In Which the "King" Imprisons Me with Some Old Books and Pictures.

Nothing further transpired that day, and, at nightfall, we brought the crew of the Flamingo up to the house—all but two of them, whom we left on guard. Two out of six was rather more than we had bargained for, but we found that none of them had the courage to face the night there in that dismal swamp alone—and we couldn't blame them, for a more devil-haunted desolation could not be imagined even in the daylight, and the mere thought of what might go on there after dark was enough to uncurl the wool on the head of the bravest negro. And we agreed, too, that the watch should be changed nightly, a fresh pair going on duty each evening.

Then there was nothing to do but sit down and await events—amongst them, the coming of Charlie Webster.

[Pg 267] In regard to this, we had decided that it would be as well that, instead of disembarking at the settlement, he should come and join the Flamingo in the hidden creek; so Samson was once more despatched down to Sweeney with a letter for him to hand to Charlie on his arrival, giving him direction how to find us. Meanwhile, our two men on the Flamingo could keep watch for him by day, and have a light burning for him at the entrance of the creek by night.

The "King's" instructions to me were that I was not to show my nose outside the house. Possibly I might expose the tip of it once in a while, for a little exercise in the garden—where all this time the little silver fountain went on playing amid the golden hush of the orange trees, filling the lotus flowers with big pearls of spray. But, most of the day, I must regard myself as a prisoner, with the entire freedom of his study—a large airy room on the second floor, well furnished with all manner of books, old prints, strange fishes in glass cases, rods, guns, pipe-racks, curiosities of every kind from various parts of the world—India, the South Seas, Australia, not forgetting London and Paris—and all the flotsam and jetsam of a far-wandered man, who—as the "King" remarked, introducing their autobiographic display with a comprehensive wave of his hand—had, like that other wanderer unbeloved of all schoolboys, the pious Æneas, been so much tossed about on land and sea—vi superum, sævæ memorem Junonis ob iram—that he might found his city and bring safe his household gods from Latium. Touching his hand lightly on a row of old quartos, in the stout calfskin and tarnished gold dear to bookmen, he said:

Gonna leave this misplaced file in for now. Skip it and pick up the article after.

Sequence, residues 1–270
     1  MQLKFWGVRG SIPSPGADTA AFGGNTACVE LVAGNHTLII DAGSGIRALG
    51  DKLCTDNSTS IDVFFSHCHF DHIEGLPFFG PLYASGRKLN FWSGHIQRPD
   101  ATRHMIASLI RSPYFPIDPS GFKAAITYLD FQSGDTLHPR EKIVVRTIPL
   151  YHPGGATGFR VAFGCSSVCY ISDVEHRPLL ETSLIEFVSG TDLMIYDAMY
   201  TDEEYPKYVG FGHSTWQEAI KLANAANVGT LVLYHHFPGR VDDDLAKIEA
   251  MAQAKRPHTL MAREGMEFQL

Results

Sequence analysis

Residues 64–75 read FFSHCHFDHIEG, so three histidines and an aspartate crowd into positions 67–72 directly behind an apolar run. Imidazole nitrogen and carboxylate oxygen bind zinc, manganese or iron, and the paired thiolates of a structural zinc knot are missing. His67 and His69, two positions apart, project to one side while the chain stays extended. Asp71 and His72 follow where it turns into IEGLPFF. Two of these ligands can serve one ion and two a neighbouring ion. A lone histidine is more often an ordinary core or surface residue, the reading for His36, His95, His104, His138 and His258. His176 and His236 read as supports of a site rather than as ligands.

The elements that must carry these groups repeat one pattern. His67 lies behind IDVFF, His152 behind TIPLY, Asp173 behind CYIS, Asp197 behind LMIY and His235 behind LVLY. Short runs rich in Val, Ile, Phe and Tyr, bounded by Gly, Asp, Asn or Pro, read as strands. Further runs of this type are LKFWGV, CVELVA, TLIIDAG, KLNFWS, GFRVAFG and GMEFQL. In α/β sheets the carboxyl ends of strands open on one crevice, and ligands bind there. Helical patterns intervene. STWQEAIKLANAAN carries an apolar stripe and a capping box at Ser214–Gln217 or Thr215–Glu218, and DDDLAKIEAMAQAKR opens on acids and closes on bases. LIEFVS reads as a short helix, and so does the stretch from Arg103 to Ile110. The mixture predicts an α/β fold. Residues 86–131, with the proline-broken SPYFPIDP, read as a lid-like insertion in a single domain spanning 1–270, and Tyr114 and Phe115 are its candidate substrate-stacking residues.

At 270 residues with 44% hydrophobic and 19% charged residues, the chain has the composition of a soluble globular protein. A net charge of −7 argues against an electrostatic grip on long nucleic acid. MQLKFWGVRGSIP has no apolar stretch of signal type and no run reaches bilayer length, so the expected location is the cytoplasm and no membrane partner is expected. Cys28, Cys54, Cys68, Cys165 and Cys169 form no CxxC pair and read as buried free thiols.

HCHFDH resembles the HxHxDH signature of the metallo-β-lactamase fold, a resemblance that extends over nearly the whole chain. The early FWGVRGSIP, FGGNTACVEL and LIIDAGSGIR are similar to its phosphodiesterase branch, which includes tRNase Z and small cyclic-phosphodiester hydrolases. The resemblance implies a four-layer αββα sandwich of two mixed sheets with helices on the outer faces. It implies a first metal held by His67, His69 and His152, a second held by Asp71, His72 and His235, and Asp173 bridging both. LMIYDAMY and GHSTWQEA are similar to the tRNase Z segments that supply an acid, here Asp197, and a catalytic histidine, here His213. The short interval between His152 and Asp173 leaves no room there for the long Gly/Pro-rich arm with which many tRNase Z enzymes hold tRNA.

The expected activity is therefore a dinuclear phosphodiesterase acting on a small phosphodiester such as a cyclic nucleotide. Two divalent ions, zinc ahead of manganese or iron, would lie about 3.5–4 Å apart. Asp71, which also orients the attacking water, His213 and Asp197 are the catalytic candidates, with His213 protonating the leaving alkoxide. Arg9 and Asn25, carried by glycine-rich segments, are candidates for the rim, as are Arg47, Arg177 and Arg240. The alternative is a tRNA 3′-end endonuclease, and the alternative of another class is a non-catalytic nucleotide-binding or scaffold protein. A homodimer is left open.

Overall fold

[Pg 268] "These I recommend to you in your enforced leisure."

They were a collection of old French voyages—Dampier and others—embellished with copper-plate maps and quaint engravings of the fauna and flora of the world, still in all the romantic virginity of its first discovery.

"This," he said, pointing to a stout old jar of Devonshire ware, "is some excellent English tobacco—my one extravagance; and here," pointing to a pipe-rack, "are some well-tried friends from that same 'dear, dear land,' 'sceptred isle of kings,' and so forth. And now I am going to leave you, while I go with Samson and Erebus on a little reconnoitring tour around our domains."

So he left me, and I settled down to a pipe and a volume of Dampier; but, interesting as I found the sturdy old pages, my thoughts, and perhaps particularly my heart, were too much in the present for my attention long to be held by even so adventurous a past; so, laying the book down, I rose from my chair, and made a tour of inspection of the various eloquent objects about the room—objects which made a sort of chronicle in bric-à-brac of my fantastic friend's earthly pilgrimage, and here and there seemed to hint at the story of his strange soul.

[Pg 269] Among the books, for example, was a fine copy of Homer, with the arms of a well-known English college stamped on the binding, and near by was the faded photograph of a beautiful old Elizabethan house, with mouldering garden walls, and a moat brimming with water-lilies surrounding it. Hanging close by it, was another faded photograph, of a tall stately old lady, who, at a glance, I surmised must be the "King's" mother. As I looked at it, my eyes involuntarily sought the garden with its palms and its orange trees. Far indeed had the son of her heart wandered, like so many sons of stately English mothers, from that lilied moat and those old gables, and the proud old eyes that would look on her son no more forever.